Arista has already announced their vision for the enterprise campus network. Amazon is rumored to be looking there as well. What does mean for the dominance of the traditional market players?
The biggest news in the switching market is usually found in the data center. The fastest port speeds, largest port counts, and biggest additions to the software come in the form of data center devices. One might be forgiven for thinking that the enterprise campus network is a barren wasteland of boring devices. However, recent developments in the enterprise campus may make things more interesting for network professionals looking to spice things up.
Arista moves to the campus network
The biggest announcement in enterprise campus switching came when Arista recently announced it was entering the campus switching market with Cognitive Campus. Cognitive Campus takes elements from their existing CloudVision and EOS platforms and moves them into switches designed to be run in an aggregation layer for endpoint devices.
Arista has talked about a consolidated leaf-and-spine architecture in the past and used the term spline to describe it. The spline architecture is also a key component of Cognitive Campus. Instead of an access layer that plugs into a distribution layer for backhaul to the data center or Internet access layer, Arista's splines are high-density switches designed to function as both access and distribution. This collapsed architecture allows them to control the entire infrastructure with the CloudVision management platform.
Arista sees the traffic patterns of users shifting away from historical patterns of data access inside the organization and instead focusing more on the shift of data into the cloud. Users and IoT devices are relying more and more on traffic being stored in clouds from providers like Amazon, Microsoft, and Google. This means that campus switches have shifted to being required to provide resilient connectivity to the Internet rather than simply providing an aggregation layer designed to get traffic into the data center.
Another big piece of the Arista campus puzzle was filled in when Arista announced their acquisition of Mojo Networks in August. The pickup of a campus wireless vendor gives Arista the ability to provide user connectivity all the way to the edge for laptops, tablets, and even IoT devices. The modern campus isn't a maze of Ethernet connections in every office. Instead, it's a collection of wireless access points serving connectivity to a mobile workforce. Arista has ensured that they are competitive in the enterprise edge by bringing wireless expertise in-house, as opposed to partnering to gain it like companies like Dell or Juniper.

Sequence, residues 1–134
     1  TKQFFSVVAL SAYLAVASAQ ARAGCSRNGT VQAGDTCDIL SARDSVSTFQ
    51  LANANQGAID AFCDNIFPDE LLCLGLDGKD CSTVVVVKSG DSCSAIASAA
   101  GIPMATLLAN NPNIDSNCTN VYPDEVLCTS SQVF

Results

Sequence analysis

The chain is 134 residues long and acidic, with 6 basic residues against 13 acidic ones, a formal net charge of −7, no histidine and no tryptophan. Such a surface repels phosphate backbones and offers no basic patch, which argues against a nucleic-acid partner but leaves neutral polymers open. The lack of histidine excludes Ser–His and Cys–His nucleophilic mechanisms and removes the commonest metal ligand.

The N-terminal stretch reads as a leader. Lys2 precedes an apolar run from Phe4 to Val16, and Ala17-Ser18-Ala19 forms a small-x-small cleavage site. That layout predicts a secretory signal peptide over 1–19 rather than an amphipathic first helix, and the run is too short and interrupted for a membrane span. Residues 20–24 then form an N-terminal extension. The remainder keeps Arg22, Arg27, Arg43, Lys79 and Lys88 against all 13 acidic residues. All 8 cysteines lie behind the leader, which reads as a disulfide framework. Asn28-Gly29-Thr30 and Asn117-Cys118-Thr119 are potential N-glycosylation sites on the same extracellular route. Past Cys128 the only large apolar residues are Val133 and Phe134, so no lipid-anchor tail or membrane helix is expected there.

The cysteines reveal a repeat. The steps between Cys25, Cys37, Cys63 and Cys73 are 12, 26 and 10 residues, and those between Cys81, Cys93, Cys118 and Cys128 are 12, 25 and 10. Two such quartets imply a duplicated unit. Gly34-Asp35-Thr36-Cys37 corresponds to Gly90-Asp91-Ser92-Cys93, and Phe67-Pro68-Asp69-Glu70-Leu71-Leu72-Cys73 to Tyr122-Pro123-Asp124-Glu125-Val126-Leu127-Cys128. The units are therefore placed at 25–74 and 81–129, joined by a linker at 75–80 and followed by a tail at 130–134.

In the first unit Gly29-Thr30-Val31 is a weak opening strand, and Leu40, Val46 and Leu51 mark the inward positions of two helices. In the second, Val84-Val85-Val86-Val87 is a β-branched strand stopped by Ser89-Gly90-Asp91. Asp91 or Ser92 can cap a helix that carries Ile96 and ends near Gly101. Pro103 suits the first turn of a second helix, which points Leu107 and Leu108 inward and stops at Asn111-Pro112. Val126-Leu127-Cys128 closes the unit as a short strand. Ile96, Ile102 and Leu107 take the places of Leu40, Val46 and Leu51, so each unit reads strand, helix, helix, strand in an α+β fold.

Edge connectivity is a huge key to competing against the big players in the enterprise campus market. Cisco is the largest by far, with HPE coming in second thanks to their acquisition of Aruba. Arista is well placed to compete against both. Of course, that also assumes that another large player doesn't enter the market and disrupt everything.
Amazon descends from the clouds
A recent report noted that Amazon Web Services was considering adding network switches to its offerings. Stocks of Cisco and other campus networking vendors fell on the report, only to rebound as the news was clarified to indicate that Amazon is not building a commercial network switch after all.
While the campus switching market is ripe for disruption, would an Amazon switch really make sense here? Amazon is a company that is focused on bringing data from on-premises locations to their massive data centers. They want users installing software on their platform and accessing it. So, the draw of installing devices in a network to facilitate that communication is tempting indeed.
However, the idea of an Amazon campus switch makes little sense when analyzed. Amazon doesn't need to install devices at the edge to route traffic into their cloud. They would benefit just as much from having one or more devices functioning as direct connect gateways in the enterprise data center. In fact, having a larger, more complex device serving as a direct gateway, much like SDN cloud on-ramp devices, would mean that Amazon could not only offer cloud services but make more money off of on-premises solutions through on-ramp subscriptions that offer increased performance for users making a larger shift to the cloud.
Companies like Cisco are now fighting a battle on two fronts. Their traditional competitors are diversifying into markets that have historically had low margin and high volume. Arista is betting on the fact that their innovations in the data center will translate into bigger sales for the campus and that they can capitalize on that synergy to lock customers into a full Arista networking stack.
Amazon is taking the opposite approach. Rather than trying to build out an internal campus networking stack to capture user traffic, they should instead focus on sending traffic along a path with higher speed and lower latency to ensure that users can continue to use applications hosted in AWS without issue.
Time will tell which approach is the best one. However, for traditional networking vendors like Cisco and Juniper, that time is drawing near.